As the patent wars continue to rage, and the cost of securing and enforcing patent rights continues to rise both in the United States and abroad, the role of trade secrets in securing and protecting valuable intellectual property has become increasingly prominent. As a result, trade secret law has recently received increasing attention around the world. New and proposed laws in the U.S., Europe, and China all signal the rising importance of trade secrets in the global economy.
Unlike the U.S. patent system, which was expressly authorized by the Constitution and created by one of the first acts of Congress, trade secrets have long been mostly ignored by the federal government. Like trademarks, trade secrets were traditionally the domain of state common law. Unlike trademarks, however, which eventually gained federal recognition through the Lanham Act and other legislation, trade secrets remained until recently outside the purview of federal law.1 The first federal law to directly and broadly address the protection of trade secrets did not come until 1996 with the Economic Espionage Act (“EEA”), which created criminal penalties (including imprisonment) for theft of trade secrets.2
More recently, Congress passed the Theft of Trade Secrets Clarification Act of 2012 to clarify the scope of the EEA in response to the decision of the U.S. Court of Appeals for the Second Circuit in United States v. Aleynikov.3 In that case, the Second Circuit overturned the conviction of a former Goldman Sachs employee who allegedly stole proprietary source code for a high-frequency trading platform. The Second Circuit held that the original language of the EEA, which was limited to “a product that is produced for or placed in interstate or foreign commerce,” did not cover software used only internally.4 As a result, Congress amended the EEA to cover any “product or service used in or intended for use in interstate or foreign commerce.”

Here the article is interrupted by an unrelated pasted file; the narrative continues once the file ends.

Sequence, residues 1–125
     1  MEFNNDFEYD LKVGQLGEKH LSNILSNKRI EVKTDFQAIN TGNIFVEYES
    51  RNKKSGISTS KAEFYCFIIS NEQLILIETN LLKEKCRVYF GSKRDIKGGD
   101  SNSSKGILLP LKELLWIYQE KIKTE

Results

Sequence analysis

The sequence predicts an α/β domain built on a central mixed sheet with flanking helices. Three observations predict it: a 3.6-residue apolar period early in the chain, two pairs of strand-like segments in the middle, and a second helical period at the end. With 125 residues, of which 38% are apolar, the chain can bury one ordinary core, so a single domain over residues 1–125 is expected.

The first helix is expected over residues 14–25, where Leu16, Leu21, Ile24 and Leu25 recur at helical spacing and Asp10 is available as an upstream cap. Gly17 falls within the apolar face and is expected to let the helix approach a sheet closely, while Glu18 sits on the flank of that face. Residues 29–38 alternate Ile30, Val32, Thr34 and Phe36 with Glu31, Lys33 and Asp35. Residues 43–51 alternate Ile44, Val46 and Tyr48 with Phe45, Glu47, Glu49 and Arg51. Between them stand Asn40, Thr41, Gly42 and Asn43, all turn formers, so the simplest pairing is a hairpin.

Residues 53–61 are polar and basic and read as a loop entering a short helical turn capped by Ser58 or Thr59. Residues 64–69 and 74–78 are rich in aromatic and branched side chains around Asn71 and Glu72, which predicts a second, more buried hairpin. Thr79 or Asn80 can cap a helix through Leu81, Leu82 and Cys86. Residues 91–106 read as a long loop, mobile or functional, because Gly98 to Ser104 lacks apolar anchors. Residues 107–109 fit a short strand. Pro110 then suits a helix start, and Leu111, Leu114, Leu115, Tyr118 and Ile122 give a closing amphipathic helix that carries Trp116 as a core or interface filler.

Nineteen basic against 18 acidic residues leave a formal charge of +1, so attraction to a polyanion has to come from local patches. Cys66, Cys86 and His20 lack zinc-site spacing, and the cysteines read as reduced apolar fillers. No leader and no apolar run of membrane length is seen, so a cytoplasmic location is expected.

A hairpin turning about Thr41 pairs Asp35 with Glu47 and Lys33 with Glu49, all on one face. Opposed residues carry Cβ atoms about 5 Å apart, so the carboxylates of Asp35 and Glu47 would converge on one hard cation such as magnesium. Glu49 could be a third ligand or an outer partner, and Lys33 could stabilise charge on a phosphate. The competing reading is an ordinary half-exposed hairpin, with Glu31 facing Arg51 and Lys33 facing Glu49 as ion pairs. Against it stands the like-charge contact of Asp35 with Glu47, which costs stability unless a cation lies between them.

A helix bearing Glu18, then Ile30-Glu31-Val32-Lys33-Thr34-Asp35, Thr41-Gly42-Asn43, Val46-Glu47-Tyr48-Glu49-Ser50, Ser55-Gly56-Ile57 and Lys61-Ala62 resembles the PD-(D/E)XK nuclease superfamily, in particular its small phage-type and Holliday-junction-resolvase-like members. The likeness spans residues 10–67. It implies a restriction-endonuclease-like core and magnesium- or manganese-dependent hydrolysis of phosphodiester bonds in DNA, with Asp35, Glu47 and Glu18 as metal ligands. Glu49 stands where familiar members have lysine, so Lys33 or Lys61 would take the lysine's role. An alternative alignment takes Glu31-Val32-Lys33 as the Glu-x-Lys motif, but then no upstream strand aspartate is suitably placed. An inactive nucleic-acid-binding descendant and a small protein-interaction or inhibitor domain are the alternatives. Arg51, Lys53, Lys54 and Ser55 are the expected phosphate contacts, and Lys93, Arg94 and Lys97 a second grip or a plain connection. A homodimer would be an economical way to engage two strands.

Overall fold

Most recently, the President signed into law the Economic Espionage Penalty Enhancement Act of 2012. This law increases the maximum criminal penalties for foreign economic espionage.5
Current proposed legislation would also make significant changes to federal trade secret law. For example, a draft discussion bill6 proposed by Senators Sheldon Whitehouse and Lindsey Graham would aim to strengthen trade secret protections by expanding the scope of the EEA. According to Senator Whitehouse’s summary7, the draft legislation has seven objectives:
- Cover government sponsored hacking – This proposal would clarify that the [EEA] covers instances in which (a) a foreign government agent steals and relays a trade secret to a private company; or (b) a private thief steals a trade secret at the request of a foreign government and relays the stolen trade secret to a private company. * * *
- Enhance intervention of interested parties – This proposal would enhance the opportunity of owners of trade secrets to weigh in on any assessment of the importance of keeping trade secrets confidential. * * *
- Clarify that the statute covers trade secret theft accomplished through the use of means or facilities within the United States – This proposal would ensure that the statute would apply to a hacker whose code passes through American computers but who is never physically present in the United States. * * *
- Clarify definition of “foreign instrumentality” – This proposal would ensure that companies that are substantially subsidized by foreign government entities fall within the definition of “foreign instrumentality,” and that a foreign entity led by a foreign agent can meet the definition of “foreign instrumentality.” * * *
- Cover theft of negotiating positions or strategies – This proposal would ensure that stealing negotiating positions or strategies (e.g. from a company or its law firm) is covered by the statute. * * *